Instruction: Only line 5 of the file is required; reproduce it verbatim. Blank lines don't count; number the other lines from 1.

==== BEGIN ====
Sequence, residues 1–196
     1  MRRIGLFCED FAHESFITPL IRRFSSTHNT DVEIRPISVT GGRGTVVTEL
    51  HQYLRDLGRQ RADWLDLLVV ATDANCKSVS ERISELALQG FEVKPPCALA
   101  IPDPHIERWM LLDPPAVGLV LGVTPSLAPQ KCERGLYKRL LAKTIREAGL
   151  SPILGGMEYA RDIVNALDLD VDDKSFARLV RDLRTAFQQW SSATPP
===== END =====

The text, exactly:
   151  SPILGGMEYA RDIVNALDLD VDDKSFARLV RDLRTAFQQW SSATPP